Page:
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American Academy of Estate Planning Attorneys

The American Academy of Estate Planning Attorneys was established in 1992. Mr. Holmgren has been an active member since 1995. Click here to visit his Academy website.

Long Life in Okinawa

Take a moment to watch this video from CNN on the amazing health and long life of Okinawans.

Seinfeld Has An Answer for Everything

In this classic Seinfeld episode, Jerry and Kramer discuss living wills. Although humorous, it makes a great point about the importance of this key document.

 

DocuBank
Utah's New Domestic Asset Protection Trust (DAPT)

Effective May 2013, the DAPT statute (or DAPT law) provides a powerful way to protect assets from various creditors and especially from lawsuits.

CLICK HERE for full, printable article.

Wills and Trusts Update Checklist
Posted on Apr. 4, 2013

Spring is the perfect time to review your wills and trusts. This checklist will help remind you of aspects of your wills and/or trusts that need to be reviewed by your estate planning attorney and, where necessary, updated:

  • Is the person or institution that you named to serve as trustee and/or executor still the right choice?  How will she interact with your family to prevent “family feuds?”
  • Are those you chose to serve as trustee and/or executor still the right choice?  If you have chosen friends or relatives for that purpose, have you given consideration to whether a professional might be a better choice?  Let’s face it: high school and college courses don’t include “How to be the executor or trustee of someone’s estate.”  Professionals have the knowledge and experience – amateurs do not.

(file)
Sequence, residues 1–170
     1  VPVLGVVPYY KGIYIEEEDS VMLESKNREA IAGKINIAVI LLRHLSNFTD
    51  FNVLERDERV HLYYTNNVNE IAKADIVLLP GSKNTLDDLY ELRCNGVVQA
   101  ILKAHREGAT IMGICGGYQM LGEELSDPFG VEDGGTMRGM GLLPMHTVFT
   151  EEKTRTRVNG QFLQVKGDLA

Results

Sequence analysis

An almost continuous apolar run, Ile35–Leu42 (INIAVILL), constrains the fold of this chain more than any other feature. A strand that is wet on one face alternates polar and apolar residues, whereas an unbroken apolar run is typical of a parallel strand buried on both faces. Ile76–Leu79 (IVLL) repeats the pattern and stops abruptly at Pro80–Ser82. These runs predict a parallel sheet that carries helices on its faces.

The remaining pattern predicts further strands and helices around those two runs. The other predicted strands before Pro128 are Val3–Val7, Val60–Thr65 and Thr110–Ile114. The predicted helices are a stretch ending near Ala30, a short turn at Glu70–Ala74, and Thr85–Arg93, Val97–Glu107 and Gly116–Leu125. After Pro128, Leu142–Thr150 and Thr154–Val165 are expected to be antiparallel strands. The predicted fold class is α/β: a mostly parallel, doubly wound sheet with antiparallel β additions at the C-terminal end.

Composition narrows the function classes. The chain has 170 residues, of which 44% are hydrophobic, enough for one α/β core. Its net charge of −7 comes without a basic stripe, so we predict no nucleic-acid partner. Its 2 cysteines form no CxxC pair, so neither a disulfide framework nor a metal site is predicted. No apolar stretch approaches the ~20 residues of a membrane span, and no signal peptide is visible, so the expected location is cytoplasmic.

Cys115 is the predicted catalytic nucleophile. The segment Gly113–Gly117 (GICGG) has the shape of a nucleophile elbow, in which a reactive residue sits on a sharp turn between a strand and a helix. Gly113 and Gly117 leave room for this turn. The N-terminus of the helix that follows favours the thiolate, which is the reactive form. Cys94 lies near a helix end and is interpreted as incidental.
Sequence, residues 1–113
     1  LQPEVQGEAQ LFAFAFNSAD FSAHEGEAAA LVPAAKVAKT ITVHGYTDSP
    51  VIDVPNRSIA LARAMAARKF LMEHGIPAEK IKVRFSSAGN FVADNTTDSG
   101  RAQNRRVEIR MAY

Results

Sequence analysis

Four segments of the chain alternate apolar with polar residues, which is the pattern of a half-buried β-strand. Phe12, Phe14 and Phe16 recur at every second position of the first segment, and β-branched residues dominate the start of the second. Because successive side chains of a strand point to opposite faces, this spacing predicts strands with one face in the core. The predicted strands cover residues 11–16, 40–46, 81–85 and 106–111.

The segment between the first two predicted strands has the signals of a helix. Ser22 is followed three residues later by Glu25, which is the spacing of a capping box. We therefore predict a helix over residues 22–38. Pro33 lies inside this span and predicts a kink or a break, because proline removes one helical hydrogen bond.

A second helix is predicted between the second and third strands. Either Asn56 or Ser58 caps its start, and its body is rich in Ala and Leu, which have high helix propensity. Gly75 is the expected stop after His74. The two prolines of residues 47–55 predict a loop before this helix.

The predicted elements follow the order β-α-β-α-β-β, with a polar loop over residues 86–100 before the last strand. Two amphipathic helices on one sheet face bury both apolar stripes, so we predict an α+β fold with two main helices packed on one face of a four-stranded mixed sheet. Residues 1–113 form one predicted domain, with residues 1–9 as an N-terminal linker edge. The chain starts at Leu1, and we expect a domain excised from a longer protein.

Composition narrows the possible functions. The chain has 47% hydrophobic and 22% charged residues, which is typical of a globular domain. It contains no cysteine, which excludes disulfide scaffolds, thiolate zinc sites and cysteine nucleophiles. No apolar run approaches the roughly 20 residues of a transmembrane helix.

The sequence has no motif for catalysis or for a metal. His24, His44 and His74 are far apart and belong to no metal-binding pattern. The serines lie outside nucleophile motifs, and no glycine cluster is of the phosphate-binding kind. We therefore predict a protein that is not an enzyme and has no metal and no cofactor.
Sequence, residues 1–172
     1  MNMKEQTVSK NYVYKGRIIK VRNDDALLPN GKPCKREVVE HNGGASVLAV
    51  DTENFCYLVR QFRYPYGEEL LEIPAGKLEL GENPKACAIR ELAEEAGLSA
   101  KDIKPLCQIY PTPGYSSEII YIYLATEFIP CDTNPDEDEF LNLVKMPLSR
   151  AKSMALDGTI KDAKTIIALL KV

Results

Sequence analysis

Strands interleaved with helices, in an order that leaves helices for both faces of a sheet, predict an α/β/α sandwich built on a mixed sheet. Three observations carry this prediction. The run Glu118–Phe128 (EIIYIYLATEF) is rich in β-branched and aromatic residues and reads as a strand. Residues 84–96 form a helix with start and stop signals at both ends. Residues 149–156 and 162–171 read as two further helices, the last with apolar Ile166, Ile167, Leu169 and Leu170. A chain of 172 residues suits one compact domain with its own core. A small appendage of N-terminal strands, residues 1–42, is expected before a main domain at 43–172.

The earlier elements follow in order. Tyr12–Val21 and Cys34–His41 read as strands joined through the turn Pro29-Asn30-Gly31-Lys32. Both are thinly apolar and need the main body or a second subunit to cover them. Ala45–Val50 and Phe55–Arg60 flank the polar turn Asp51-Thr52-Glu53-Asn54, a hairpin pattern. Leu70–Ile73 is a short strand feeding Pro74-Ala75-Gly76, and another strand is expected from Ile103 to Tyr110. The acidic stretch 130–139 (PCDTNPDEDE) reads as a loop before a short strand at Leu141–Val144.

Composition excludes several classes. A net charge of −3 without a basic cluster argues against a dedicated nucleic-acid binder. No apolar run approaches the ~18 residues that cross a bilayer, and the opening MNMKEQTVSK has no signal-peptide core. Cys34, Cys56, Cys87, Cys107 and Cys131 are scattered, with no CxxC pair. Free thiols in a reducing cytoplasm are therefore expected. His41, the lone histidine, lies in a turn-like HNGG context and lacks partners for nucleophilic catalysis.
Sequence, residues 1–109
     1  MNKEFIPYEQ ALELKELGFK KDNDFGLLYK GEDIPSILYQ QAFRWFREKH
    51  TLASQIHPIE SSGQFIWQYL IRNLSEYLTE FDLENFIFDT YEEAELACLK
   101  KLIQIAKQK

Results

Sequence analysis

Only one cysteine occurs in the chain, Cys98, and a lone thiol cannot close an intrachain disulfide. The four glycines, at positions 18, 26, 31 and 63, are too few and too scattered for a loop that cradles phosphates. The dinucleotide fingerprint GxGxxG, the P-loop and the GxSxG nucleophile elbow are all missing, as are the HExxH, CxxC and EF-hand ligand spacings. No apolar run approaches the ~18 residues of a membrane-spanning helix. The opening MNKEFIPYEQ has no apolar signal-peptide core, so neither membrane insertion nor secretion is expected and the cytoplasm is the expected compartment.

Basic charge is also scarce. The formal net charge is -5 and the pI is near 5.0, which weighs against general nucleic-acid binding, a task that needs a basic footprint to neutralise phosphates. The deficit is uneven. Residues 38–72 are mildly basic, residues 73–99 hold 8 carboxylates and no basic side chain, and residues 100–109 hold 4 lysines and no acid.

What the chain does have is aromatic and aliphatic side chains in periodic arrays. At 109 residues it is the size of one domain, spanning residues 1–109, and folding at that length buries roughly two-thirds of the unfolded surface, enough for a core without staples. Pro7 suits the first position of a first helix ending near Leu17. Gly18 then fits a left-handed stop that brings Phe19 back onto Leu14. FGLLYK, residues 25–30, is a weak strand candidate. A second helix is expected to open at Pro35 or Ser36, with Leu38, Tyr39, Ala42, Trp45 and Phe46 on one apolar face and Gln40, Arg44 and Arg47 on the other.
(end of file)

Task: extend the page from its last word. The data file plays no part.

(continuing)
• If you die unexpectedly, are your children or grandchildren old enough and mature enough to receive their inheritance with no strings attached? Some of my clients keep the inheritance in trust for the lifetime of the children so the children can access what they need but not expose all of the inheritance to divorce, lawsuits, bankruptcies, creditor claims, etc..
  • If you die unexpectedly, is there a good, current, up-to-date inventory of all of the assets that you own individually or that your trust owns – or is that information “buried” somewhere in boxes, drawers, filing cabinets, or on your computer?
  • Concerning the asset inventory, is it complete with names, addresses, and telephone numbers of financial institutions as well as account numbers?  What about PIN numbers, user names, and passwords that you have given to financial institutions to ensure your security?  Does your trustee and/or executor have access to that information for “digital assets”?
  • Should their access to that information be provided now or delayed until such time as you are gone?  What are the consequences of waiting or not waiting?
  • Do you want your trustee and/or executor to have access to that information after you are gone, or do you want it to be held by a third party or in a safe place such as a safe deposit box?
  • Are online vaults and other forms of maintaining PINs, passwords, and user names safe and reliable?
  • Does your trust provide “special needs” protection for any of your beneficiaries who might, in the future, have their disability-based government benefits terminated because of the inheritance you leave to them?
  • Are there possibilities of family feuds within your family concerning the content of your wills and/or trusts?  There are ways to minimize or eliminate that risk.
  • Have you given some thought to the advisability of having a family meeting to get “all the cards on the table”?  Would it be best to have a family meeting now or sometime in the future?
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About Randy

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I help clients prepare for their unexpected death or disability. Using legal documents such as Wills, Trusts, Power of Attorney, LLCs and more, we can ensure that your hard-earned assets go to the right people, at the right time, and in the right way–and are managed by someone who is competent, skilled and trustworthy.

I also help clients identify their non-monetary legacy (values, wisdom, principles, beliefs, life experiences, family name and a commitment to certain charitable causes) and how to effectively pass that legacy on to family and others.

Take time to consider the value of your life to others. Don't miss opportunities to leave a greater legacy than just money.

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